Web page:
What is Lofepramine?


Lofepramine, sold under the brand names Gamanil, Lomont, and Tymelyt among others, is a tricyclic antidepressant (TCA) which is used to treat depression.

The TCAs are so named as they share the common property of having three rings in their chemical structure. Like most TCAs lofepramine is believed to work in relieving depression by increasing concentrations of the neurotransmitters norepinephrine and serotonin in the synapse, by inhibiting their reuptake. It is usually considered a third-generation TCA, as unlike the first- and second-generation TCAs it is relatively safe in overdose and has milder and less frequent side effects.

Lofepramine is not available in the United States, Canada, Australia or New Zealand, although it is available in Ireland, Japan, South Africa and the United Kingdom, among other countries.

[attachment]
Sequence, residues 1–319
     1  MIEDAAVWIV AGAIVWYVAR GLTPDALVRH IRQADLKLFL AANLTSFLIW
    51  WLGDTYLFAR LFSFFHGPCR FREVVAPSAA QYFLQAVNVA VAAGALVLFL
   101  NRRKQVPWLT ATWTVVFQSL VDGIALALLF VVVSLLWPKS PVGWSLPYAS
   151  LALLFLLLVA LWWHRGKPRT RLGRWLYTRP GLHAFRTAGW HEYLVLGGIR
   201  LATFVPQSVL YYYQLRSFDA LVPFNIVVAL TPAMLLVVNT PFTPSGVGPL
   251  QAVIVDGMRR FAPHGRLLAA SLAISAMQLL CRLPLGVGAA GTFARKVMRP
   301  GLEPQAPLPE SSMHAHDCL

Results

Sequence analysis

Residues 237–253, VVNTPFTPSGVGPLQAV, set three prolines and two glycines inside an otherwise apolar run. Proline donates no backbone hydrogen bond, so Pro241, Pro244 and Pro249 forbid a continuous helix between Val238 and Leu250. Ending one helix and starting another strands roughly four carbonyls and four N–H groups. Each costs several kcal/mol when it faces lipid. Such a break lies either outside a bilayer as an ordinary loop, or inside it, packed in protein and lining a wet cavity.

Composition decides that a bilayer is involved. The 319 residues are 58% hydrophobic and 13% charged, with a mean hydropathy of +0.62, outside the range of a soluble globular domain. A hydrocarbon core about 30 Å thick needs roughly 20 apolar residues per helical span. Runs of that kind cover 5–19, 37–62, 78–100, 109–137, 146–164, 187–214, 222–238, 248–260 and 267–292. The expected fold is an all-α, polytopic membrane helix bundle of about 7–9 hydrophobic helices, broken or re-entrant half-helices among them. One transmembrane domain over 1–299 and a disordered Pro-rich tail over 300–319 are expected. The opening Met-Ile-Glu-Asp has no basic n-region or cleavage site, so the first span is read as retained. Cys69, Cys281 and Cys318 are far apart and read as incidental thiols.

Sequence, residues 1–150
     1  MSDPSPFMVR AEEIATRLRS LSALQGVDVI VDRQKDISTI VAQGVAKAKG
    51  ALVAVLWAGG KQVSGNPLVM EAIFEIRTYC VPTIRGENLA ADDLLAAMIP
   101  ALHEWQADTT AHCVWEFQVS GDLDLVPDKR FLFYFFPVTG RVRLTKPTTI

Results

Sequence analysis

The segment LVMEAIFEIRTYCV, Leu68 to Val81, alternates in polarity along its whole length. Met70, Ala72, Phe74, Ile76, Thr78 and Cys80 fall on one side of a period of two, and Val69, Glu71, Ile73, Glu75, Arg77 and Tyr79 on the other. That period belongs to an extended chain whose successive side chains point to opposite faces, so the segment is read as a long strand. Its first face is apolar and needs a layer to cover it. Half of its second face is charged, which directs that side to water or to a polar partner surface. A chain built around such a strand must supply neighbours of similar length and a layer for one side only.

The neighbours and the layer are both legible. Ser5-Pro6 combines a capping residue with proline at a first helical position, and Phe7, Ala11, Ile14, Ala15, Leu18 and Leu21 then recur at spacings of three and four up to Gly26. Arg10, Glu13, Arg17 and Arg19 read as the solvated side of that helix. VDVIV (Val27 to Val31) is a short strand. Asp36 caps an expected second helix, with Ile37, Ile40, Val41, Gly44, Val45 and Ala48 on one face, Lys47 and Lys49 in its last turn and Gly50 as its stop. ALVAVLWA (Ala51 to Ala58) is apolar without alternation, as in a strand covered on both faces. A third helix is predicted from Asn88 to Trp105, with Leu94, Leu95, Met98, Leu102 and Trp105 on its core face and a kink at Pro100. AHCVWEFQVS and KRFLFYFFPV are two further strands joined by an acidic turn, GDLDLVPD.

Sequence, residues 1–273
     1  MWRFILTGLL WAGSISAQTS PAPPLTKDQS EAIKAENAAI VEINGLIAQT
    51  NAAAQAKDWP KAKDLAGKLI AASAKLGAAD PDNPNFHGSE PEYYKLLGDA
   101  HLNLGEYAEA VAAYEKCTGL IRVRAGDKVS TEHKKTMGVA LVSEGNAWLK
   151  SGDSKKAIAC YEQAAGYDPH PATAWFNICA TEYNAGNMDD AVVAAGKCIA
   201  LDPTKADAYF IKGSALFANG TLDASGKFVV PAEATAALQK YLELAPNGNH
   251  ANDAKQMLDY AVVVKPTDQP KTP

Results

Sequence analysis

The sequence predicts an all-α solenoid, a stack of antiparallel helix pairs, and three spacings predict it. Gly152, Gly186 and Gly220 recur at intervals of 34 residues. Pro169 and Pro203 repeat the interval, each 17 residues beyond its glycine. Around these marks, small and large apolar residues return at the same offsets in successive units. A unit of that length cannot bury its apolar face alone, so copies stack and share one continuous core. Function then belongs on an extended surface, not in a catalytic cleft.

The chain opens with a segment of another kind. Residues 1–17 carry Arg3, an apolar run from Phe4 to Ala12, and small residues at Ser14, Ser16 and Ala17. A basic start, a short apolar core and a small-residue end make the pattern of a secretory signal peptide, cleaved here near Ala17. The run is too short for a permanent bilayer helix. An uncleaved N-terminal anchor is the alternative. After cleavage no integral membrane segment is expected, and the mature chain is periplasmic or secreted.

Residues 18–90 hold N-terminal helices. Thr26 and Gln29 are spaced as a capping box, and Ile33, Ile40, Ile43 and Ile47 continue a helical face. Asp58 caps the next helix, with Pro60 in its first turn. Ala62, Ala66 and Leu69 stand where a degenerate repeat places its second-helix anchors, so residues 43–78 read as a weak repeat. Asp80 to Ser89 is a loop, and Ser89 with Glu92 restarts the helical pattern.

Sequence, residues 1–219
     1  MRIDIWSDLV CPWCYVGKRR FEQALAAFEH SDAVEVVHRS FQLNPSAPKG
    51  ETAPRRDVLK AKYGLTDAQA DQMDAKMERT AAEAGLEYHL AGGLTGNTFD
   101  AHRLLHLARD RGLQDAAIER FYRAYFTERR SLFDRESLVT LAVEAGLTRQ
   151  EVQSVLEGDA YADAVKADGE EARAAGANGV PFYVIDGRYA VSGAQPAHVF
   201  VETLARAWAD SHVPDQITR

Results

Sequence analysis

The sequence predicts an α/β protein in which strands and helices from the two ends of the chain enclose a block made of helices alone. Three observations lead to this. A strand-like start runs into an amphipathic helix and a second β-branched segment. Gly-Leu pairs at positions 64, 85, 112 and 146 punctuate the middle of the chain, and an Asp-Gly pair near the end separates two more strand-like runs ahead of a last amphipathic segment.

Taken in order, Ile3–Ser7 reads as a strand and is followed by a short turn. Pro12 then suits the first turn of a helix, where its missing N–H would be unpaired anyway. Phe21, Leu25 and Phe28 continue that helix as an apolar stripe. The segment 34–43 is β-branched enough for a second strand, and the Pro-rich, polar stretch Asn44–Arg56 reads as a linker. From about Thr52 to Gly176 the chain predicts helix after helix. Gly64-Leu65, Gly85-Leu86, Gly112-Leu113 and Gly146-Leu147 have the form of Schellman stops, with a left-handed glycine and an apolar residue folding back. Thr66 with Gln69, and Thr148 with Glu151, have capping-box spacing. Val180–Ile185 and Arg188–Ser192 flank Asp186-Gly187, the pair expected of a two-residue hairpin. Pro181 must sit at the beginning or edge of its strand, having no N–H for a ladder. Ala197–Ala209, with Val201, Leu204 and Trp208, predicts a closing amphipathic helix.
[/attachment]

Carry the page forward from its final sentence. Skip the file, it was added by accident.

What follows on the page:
Brief History

Lofepramine was developed by Leo Läkemedel AB. It first appeared in the literature in 1969 and was patented in 1970. The drug was first introduced for the treatment of depression in either 1980 or 1983.


In the United Kingdom, lofepramine is licensed for the treatment of depression which is its primary use in medicine.

Lofepramine is an efficacious antidepressant with about 64% patients responding to it.


To be used with caution, or not at all, for people with the following conditions:

  • Heart disease.
  • Impaired kidney or liver function.
  • Narrow angle glaucoma.
  • In the immediate recovery period after myocardial infarction.
  • In arrhythmias (particularly heart block).
  • Mania.
  • In severe liver and/or severe renal impairment.